Can apoptosis and necrosis coexist in ejaculated human spermatozoa during in vitro semen bacterial infection?
Purpose To evaluate whether ejaculated human spermatozoa undergo complete apoptosis or necrosis during experimental semen bacterial infection in vitro. Methods Apoptotic markers, including mitochondrial transmembrane potential (ΔΨm), phosphatidylserine (PS) externalization, and DNA fragmentation, have been detected simultaneously in ejaculated human sperm after their incubation with a known pathogenic (Escherichia coli), as well as with conditionally pathogenic bacterial strains (Staphylococcus haemolyticus, Bacteroides ureolyticus) and/or leukocytes. The ΔΨm and translocation of PS was evaluated using the JC-1 and Annexin V binding tests, respectively. A modified TUNEL assay with additional staining for sperm viability was used to detect the DNA fragmentation level. Results The exposure of ejaculated spermatozoa to bacterial strains was associated with a simultaneous decrease in the percentage of sperm with normal ΔΨm and an increase in the proportion of Annexin V-positive sperm. Additionally, in the presence of S. haemolyticus, B. ureolyticus and/or leukocytes, a significant increase in the percentage of live TUNEL-positive (apoptotic) as well as dead TUNEL-positive (necrotic) sperm cells was also observed. Conclusions The cellular death observed in spermatozoa in the presence of inflammatory mediators may be due to both apoptosis and necrosis. Here, we demonstrate for the first time that direct contact of conditionally pathogenic bacteria with ejaculated human sperm may play an even greater role in the promotion of apoptosis than in case of some pathogenic bacterial strains. These findings suggest that significant bacteriospermia and leukocytospermia may be direct causes of subfertility or additional negative factors worsening the prognosis of fertility in natural and assisted procreation.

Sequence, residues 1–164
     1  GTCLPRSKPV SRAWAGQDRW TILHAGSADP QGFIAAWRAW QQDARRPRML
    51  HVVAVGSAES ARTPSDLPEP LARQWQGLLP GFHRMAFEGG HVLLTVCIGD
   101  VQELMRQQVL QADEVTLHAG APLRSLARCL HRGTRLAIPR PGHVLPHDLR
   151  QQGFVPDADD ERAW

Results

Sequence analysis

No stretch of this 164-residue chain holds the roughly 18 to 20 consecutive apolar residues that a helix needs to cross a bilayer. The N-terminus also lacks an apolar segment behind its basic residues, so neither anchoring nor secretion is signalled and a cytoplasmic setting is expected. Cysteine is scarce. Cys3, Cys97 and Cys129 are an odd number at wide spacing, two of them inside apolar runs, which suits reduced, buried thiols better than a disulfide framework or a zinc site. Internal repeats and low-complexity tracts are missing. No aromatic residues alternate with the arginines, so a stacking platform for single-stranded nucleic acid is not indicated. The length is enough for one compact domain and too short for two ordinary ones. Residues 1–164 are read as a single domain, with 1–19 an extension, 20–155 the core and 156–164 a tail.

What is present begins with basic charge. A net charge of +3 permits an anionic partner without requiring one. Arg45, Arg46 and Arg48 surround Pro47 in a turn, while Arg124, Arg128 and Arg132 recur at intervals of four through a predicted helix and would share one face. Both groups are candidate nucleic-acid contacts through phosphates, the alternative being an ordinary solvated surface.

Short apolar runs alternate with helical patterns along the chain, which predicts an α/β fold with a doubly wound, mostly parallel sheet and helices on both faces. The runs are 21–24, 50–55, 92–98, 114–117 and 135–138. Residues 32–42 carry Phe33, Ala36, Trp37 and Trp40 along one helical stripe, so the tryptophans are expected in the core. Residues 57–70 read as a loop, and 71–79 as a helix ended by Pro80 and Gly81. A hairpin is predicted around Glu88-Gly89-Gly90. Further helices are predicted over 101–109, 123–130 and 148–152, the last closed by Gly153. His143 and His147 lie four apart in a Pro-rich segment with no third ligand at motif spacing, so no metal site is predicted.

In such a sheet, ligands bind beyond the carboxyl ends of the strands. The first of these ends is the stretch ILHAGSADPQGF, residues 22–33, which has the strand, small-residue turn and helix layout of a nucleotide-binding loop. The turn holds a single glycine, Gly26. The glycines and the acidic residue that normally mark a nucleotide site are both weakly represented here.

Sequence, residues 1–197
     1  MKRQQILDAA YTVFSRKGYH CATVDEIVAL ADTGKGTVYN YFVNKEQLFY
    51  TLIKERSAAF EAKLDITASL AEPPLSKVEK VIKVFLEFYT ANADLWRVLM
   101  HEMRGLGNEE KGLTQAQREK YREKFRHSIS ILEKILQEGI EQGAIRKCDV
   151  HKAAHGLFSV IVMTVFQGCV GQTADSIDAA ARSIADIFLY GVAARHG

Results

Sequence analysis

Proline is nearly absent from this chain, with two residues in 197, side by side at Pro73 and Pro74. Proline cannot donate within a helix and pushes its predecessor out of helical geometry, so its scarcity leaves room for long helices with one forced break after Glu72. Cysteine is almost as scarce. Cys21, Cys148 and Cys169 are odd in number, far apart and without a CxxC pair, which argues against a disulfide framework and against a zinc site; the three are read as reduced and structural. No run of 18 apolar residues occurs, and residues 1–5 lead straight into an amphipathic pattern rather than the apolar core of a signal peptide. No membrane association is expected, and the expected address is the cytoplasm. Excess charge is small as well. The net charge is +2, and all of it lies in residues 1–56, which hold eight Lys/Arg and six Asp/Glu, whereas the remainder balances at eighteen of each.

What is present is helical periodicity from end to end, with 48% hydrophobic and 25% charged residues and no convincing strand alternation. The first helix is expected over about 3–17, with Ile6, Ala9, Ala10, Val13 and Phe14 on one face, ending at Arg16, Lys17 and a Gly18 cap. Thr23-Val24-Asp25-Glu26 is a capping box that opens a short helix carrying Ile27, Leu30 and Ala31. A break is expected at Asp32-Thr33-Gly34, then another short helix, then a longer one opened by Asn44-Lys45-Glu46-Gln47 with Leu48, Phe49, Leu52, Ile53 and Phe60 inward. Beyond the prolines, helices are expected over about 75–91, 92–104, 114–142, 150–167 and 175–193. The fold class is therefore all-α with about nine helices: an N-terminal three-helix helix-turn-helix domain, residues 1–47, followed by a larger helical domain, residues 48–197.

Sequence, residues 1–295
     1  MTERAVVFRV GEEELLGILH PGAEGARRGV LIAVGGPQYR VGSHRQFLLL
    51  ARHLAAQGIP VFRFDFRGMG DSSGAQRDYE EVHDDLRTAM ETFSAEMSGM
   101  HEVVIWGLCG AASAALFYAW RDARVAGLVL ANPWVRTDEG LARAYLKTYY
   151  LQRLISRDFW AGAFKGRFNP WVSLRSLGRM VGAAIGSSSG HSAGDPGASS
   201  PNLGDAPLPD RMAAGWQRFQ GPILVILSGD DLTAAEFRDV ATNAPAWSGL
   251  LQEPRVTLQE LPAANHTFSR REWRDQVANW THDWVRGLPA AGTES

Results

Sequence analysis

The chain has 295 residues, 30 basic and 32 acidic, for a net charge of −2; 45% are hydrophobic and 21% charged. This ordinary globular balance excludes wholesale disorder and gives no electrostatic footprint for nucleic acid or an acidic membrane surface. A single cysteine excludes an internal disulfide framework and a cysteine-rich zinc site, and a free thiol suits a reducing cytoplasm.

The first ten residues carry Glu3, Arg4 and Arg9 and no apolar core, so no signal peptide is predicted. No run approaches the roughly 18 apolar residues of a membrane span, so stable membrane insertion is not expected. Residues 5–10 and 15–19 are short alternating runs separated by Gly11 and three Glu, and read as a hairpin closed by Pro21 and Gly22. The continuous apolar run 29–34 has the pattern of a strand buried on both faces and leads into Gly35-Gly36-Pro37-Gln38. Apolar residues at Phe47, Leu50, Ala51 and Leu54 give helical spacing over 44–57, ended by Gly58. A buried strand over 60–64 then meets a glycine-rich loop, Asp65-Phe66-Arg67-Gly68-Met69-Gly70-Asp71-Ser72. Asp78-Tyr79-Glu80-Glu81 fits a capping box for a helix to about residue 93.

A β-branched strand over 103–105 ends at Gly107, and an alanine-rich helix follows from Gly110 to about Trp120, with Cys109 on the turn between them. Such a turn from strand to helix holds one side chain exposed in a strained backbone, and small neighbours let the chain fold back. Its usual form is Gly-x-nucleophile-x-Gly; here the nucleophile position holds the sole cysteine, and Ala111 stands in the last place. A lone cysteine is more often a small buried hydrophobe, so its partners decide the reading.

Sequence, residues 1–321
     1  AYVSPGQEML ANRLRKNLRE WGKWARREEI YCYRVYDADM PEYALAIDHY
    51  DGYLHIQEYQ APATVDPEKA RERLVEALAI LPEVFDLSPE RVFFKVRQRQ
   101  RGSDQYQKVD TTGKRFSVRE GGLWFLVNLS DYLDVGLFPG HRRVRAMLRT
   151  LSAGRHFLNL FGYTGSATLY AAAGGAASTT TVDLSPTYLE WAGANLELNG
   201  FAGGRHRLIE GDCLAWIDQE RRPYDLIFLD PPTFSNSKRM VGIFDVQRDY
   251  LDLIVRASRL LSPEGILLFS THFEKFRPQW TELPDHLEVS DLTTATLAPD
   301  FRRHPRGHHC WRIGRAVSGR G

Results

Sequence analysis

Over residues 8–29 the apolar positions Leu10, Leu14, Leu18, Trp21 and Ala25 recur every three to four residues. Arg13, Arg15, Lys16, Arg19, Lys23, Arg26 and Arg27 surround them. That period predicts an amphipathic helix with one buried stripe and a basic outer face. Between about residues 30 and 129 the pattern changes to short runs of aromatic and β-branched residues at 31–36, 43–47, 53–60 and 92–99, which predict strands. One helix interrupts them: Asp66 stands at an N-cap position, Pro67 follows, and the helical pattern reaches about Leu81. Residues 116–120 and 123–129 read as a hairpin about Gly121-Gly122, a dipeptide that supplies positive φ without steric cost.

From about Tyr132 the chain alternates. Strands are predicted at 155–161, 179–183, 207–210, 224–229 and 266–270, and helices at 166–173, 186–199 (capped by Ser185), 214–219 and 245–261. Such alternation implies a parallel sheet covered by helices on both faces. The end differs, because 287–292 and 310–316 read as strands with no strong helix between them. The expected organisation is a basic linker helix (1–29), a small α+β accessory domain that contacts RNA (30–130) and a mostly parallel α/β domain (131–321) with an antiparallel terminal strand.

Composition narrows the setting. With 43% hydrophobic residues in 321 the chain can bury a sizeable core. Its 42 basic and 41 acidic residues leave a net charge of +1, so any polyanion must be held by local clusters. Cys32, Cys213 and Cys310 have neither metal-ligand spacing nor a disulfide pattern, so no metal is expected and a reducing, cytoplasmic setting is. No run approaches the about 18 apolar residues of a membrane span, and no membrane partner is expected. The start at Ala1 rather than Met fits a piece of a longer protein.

Fraczek, M. / Hryhorowicz, M. / Gaczarzewicz, D. / et al: Can apoptosis and necrosis coexist in ejaculated human spermatozoa during in vitro semen bacterial infection?. 2015.
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